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Where Does My Loan Payment Go

November 14, 2019

Article from: Steve Crisci–MDC Financial Group

Many new homebuyers are surprised, once their purchase is complete, to find themselves in a financial relation­ship with an entity they did not choose, cannot fire, and with whom the partner­ship could be fleeting or endure for the life of their mortgage loan. That entity is part of an industry that operates in rela­tive obscurity, doesn’t advertise or even seek out individual customers. 

That’s not nearly as scary as it sounds. This relationship, in most cases, operates seamlessly, and is one that the home­owner will probably forget exists except when paying the mortgage. We are talk­ing about the loan servicer to whom the homeowner mails or otherwise transmits that monthly payment.

Servicing the mortgage used to be part of the overall lending operation. But a lot has happened to that business model. For various reasons, the big banks, which once did the bulk of servicing, are increasingly farming out the work. In turn, a whole industry has emerged, with many companies doing nothing other than that task. 

If Your Loan is Transferred…

You will get two letters, one from your current servicer at least 15 days before the transfer, and one from the new servicer within 15 days after the effective date. Obviously, you should not send a payment to the new address until you get both letters. Some scallywag might be waiting at a bogus P.O. box to collect your check.

Both notices must include the name and contact information for the new company, the date the current servicer will stop accepting payments, and the date the new one will start. There should be information about any optional insurance such as credit life or disability you might have and how to maintain coverage.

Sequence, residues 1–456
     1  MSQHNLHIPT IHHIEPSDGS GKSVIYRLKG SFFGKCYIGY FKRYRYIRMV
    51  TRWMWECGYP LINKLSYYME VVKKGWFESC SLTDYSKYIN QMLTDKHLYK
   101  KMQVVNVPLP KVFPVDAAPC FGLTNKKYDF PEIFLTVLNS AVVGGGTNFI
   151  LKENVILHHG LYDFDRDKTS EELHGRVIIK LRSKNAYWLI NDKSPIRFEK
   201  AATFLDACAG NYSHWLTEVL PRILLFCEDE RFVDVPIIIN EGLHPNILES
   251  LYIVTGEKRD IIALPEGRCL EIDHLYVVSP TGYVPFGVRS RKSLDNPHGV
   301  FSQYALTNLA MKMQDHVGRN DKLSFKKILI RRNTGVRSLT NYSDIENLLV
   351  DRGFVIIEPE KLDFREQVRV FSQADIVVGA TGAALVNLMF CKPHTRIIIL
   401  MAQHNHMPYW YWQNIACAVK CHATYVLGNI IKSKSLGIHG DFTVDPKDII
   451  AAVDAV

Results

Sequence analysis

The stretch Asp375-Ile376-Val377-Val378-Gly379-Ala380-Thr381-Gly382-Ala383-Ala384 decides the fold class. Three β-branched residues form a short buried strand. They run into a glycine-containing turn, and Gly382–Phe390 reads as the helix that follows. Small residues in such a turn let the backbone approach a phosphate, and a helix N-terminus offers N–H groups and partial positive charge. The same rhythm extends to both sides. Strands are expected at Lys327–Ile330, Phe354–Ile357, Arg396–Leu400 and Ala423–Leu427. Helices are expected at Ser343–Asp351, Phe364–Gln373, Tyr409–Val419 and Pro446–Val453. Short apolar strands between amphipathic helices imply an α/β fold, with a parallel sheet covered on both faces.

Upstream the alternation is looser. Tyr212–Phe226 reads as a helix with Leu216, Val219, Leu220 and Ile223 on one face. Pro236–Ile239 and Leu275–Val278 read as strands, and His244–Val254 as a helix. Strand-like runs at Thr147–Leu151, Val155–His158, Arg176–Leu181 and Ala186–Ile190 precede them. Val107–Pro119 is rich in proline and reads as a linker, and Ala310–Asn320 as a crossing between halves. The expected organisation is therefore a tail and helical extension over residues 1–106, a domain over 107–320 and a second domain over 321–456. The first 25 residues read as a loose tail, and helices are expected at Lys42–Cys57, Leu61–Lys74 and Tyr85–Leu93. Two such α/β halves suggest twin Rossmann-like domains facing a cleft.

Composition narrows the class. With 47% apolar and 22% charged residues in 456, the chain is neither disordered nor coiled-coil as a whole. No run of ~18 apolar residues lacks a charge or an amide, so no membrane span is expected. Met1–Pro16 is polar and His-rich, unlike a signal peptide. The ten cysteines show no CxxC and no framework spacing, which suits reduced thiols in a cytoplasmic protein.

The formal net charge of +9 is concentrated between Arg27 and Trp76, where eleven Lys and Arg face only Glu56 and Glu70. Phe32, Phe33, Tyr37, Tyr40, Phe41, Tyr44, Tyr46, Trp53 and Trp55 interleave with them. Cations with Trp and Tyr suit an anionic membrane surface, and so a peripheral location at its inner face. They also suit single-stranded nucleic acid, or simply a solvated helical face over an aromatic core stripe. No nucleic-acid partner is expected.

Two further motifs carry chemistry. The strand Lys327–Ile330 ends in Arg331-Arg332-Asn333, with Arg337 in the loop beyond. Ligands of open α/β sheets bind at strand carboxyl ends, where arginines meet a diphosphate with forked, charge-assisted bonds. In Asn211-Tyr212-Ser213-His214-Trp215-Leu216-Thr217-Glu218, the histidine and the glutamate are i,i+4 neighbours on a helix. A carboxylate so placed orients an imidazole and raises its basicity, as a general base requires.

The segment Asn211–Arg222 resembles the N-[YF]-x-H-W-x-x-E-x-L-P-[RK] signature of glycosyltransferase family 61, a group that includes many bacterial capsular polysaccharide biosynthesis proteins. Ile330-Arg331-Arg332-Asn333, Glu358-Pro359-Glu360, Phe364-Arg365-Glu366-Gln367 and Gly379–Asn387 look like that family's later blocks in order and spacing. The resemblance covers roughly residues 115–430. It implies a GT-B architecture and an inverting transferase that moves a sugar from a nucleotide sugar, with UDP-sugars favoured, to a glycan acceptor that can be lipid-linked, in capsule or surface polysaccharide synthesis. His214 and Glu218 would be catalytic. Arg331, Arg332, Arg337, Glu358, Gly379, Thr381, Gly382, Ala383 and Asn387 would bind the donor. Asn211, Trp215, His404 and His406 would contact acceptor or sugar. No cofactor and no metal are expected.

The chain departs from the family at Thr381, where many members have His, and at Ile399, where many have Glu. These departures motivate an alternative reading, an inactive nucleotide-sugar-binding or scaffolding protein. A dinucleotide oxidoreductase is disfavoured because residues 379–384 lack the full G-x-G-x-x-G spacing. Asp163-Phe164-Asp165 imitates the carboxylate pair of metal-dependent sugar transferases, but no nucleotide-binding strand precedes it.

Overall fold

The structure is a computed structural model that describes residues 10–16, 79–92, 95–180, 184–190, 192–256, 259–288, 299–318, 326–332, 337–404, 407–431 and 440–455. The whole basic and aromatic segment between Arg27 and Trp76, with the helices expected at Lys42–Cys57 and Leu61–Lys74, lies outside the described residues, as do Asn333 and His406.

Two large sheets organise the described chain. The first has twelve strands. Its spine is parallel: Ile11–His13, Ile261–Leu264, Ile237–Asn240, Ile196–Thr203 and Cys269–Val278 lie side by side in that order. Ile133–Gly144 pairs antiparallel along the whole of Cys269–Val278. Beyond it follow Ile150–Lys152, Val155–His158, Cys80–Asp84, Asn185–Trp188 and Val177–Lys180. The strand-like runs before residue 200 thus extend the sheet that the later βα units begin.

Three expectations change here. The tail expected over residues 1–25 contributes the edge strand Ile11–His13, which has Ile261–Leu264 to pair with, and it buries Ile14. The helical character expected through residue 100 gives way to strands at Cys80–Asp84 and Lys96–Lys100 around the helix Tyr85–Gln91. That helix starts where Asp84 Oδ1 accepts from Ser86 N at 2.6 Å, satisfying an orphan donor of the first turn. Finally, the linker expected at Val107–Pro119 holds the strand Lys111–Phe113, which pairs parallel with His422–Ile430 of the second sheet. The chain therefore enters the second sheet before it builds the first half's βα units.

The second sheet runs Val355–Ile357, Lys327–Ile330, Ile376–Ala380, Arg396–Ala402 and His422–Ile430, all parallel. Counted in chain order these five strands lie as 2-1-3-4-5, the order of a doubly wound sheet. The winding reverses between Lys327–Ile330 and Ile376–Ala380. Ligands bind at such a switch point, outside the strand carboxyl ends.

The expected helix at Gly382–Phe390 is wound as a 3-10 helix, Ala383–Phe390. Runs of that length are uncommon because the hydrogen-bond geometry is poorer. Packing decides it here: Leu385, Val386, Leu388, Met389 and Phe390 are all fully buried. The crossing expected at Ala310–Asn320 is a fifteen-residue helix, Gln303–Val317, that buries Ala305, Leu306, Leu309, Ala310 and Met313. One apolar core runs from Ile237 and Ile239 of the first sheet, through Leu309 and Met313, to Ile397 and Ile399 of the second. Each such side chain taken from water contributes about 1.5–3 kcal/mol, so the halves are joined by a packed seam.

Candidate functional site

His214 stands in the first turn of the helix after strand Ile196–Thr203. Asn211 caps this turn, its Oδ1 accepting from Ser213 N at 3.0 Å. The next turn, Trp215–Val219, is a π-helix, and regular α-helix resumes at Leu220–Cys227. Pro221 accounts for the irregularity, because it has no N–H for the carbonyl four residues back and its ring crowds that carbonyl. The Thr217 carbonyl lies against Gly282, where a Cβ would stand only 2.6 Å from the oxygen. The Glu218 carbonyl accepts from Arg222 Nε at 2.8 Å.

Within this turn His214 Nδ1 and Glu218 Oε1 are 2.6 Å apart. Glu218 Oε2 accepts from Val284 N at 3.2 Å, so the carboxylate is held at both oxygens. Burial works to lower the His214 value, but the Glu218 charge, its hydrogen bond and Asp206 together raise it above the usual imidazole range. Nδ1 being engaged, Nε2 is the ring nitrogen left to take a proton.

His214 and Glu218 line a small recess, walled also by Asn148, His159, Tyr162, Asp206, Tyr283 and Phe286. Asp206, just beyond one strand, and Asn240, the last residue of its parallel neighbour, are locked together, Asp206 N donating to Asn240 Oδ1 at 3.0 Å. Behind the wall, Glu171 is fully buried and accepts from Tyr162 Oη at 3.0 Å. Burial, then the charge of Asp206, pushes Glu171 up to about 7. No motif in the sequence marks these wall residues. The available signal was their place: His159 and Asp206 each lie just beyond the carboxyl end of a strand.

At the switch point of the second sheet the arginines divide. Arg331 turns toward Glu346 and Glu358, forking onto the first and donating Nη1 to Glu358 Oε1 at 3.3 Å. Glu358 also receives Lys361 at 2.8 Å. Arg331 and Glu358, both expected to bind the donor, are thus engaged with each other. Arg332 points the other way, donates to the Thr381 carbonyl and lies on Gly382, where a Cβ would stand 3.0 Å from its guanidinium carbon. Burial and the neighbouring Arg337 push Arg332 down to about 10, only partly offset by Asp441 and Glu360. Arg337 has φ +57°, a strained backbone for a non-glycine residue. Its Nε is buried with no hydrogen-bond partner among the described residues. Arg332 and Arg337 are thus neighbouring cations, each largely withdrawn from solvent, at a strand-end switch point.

There should also be a statement confirming that the transfer will not affect any terms or conditions of your mortgage and an explanation of your rights and what to do if you have a question or complaint about the servicing of your loan.

If you don’t have an escrow account, the new servicer can’t force you to open one. There is a 60-day grace period in which no late fee can be charged if you mistakenly send a payment to the wrong servicer. If you have a dispute or complaint, you can notify the servicer in writing and expect a response within 60 days.

What Do I Need to Do?

A transfer does require some attention from you. If your payments are made electronically, they need to be rerouted. Your new servicer may contact your insurance agent to request a change in loss payee, but it is smart to check. If the servicer doesn’t have a binder in your file, they may assume the policy has lapsed and “force place” coverage.

After the effective date, compare your mortgage statement with your records. Make sure all taxes and insurance premiums have been made on time and principal and interest payments properly recorded. If you itemize, remember to look for two separate 1099 forms when you do your taxes the following year.

Keep the contact info of the departing servicer. In the future an escrow agent may need to obtain a discharge of even very old mortgages to close a sale or refinance.

So, if you get transfer letters (two of them), don’t worry; just welcome your new loan servicing partner. We’re betting you won’t notice any change.

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